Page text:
Upgrade Details

Consul 0.6 has been designed to "upshift" automatically as servers and clients are upgraded to start taking advantage of network tomography features and new protocol features such as the TCP fallback probe. For most configurations, upgrading will just require an agent restart with the new binary.

Prepared queries introduce new internal commands and must not be used until all servers have been upgraded to version 0.6.0.

A manual step may be required to migrate Raft log data if you are upgrading from a Consul version prior to 0.5.1. Please see the upgrade process documentation for details.

Consul will refuse to start if there are multiple private IPs available, so if this is the case you will need to configure Consul's advertise or bind addresses before upgrading.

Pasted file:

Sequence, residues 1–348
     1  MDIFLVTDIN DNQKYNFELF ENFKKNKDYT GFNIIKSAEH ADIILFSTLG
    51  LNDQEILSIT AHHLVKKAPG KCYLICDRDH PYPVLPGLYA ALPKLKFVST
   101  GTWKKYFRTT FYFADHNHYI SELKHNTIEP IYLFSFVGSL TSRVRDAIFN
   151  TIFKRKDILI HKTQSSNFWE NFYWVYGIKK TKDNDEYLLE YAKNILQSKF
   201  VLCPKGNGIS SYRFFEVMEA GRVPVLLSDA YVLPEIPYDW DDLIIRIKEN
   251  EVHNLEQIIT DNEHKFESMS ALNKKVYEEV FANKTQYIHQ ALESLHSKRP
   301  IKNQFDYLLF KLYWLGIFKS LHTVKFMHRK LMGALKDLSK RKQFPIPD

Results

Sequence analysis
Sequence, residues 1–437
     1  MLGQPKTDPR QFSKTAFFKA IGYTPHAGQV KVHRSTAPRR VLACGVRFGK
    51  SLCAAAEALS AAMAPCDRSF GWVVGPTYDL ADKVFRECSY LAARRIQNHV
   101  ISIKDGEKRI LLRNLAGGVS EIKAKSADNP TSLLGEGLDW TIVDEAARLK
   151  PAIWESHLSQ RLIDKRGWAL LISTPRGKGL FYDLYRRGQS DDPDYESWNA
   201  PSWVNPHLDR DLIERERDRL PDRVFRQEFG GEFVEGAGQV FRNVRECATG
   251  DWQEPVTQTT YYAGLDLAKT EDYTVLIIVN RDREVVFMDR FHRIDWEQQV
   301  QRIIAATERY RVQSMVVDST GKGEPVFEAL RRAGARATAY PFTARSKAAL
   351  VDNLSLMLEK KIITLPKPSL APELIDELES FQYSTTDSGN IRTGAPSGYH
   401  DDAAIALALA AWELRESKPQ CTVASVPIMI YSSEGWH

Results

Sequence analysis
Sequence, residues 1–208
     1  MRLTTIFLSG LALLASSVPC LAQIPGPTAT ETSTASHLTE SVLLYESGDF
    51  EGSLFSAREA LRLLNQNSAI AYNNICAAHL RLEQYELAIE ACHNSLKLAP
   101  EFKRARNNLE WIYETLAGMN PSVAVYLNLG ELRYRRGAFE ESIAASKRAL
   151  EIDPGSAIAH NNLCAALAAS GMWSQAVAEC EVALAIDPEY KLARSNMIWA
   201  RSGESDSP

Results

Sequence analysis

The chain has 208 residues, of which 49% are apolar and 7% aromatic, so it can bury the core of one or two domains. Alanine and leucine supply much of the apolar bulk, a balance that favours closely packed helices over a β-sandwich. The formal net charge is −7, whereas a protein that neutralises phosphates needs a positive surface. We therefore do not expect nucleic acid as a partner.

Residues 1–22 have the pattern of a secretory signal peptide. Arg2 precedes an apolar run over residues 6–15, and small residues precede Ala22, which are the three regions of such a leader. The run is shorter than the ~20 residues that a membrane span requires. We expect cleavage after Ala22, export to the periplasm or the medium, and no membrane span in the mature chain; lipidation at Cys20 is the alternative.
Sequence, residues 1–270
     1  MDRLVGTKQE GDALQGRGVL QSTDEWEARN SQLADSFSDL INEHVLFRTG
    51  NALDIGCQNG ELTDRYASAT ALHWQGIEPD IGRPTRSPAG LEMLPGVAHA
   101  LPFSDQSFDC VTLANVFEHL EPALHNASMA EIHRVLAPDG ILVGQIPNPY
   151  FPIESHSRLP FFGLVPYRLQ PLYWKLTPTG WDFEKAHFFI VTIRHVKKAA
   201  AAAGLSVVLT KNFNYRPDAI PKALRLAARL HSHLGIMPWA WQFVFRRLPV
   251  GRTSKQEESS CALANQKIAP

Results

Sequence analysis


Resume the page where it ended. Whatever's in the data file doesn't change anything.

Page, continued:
As described above, any users with the acl_default_policy set to deny must update their policies to handle the service enforcement prior to upgrade. Otherwise, service discovery will be denied by ACLs. This also applies to the new event and keyring ACL types, but those can only be updated after the upgrade is complete, so some planning may be required in order to prevent disruptions if these features are being used.

More details are available on the upgrade process here.

Roadmap

The next release will be focused less on major new features and more on bug fixes, small improvements, and performance. We hope to have smaller, more frequent releases now that these major changes are completed!

If you experience any issues, please report them on GitHub.